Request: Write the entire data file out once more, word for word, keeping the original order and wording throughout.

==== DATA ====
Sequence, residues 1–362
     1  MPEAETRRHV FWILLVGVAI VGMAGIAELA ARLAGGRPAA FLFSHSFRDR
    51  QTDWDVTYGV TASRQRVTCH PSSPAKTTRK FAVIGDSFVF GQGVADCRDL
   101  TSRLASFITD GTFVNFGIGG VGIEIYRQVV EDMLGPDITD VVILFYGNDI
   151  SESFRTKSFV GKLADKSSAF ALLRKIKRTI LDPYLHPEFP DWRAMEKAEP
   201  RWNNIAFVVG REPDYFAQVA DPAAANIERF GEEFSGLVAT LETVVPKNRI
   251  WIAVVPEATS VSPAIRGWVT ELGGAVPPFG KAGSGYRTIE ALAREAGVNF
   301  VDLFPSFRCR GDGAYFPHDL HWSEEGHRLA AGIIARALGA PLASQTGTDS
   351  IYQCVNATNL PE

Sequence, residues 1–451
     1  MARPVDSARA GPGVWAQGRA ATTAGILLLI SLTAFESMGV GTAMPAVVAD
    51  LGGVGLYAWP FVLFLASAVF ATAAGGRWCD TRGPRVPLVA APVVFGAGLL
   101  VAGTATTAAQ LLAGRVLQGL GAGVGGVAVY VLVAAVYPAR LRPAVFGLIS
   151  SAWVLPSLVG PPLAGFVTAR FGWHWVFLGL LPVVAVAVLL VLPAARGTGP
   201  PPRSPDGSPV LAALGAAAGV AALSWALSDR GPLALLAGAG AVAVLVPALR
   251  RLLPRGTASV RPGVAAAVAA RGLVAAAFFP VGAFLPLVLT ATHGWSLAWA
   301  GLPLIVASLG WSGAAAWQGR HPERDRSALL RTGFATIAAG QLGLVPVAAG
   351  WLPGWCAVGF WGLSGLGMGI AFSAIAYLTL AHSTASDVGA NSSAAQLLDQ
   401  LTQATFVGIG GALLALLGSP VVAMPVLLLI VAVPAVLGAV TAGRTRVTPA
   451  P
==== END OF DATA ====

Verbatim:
Sequence, residues 1–362
     1  MPEAETRRHV FWILLVGVAI VGMAGIAELA ARLAGGRPAA FLFSHSFRDR
    51  QTDWDVTYGV TASRQRVTCH PSSPAKTTRK FAVIGDSFVF GQGVADCRDL
   101  TSRLASFITD GTFVNFGIGG VGIEIYRQVV EDMLGPDITD VVILFYGNDI
   151  SESFRTKSFV GKLADKSSAF ALLRKIKRTI LDPYLHPEFP DWRAMEKAEP
   201  RWNNIAFVVG REPDYFAQVA DPAAANIERF GEEFSGLVAT LETVVPKNRI
   251  WIAVVPEATS VSPAIRGWVT ELGGAVPPFG KAGSGYRTIE ALAREAGVNF
   301  VDLFPSFRCR GDGAYFPHDL HWSEEGHRLA AGIIARALGA PLASQTGTDS
   351  IYQCVNATNL PE

Sequence, residues 1–451
     1  MARPVDSARA GPGVWAQGRA ATTAGILLLI SLTAFESMGV GTAMPAVVAD
    51  LGGVGLYAWP FVLFLASAVF ATAAGGRWCD TRGPRVPLVA APVVFGAGLL
   101  VAGTATTAAQ LLAGRVLQGL GAGVGGVAVY VLVAAVYPAR LRPAVFGLIS
   151  SAWVLPSLVG PPLAGFVTAR FGWHWVFLGL LPVVAVAVLL VLPAARGTGP
   201  PPRSPDGSPV LAALGAAAGV AALSWALSDR GPLALLAGAG AVAVLVPALR
   251  RLLPRGTASV RPGVAAAVAA RGLVAAAFFP VGAFLPLVLT ATHGWSLAWA
   301  GLPLIVASLG WSGAAAWQGR HPERDRSALL RTGFATIAAG QLGLVPVAAG
   351  WLPGWCAVGF WGLSGLGMGI AFSAIAYLTL AHSTASDVGA NSSAAQLLDQ
   401  LTQATFVGIG GALLALLGSP VVAMPVLLLI VAVPAVLGAV TAGRTRVTPA
   451  P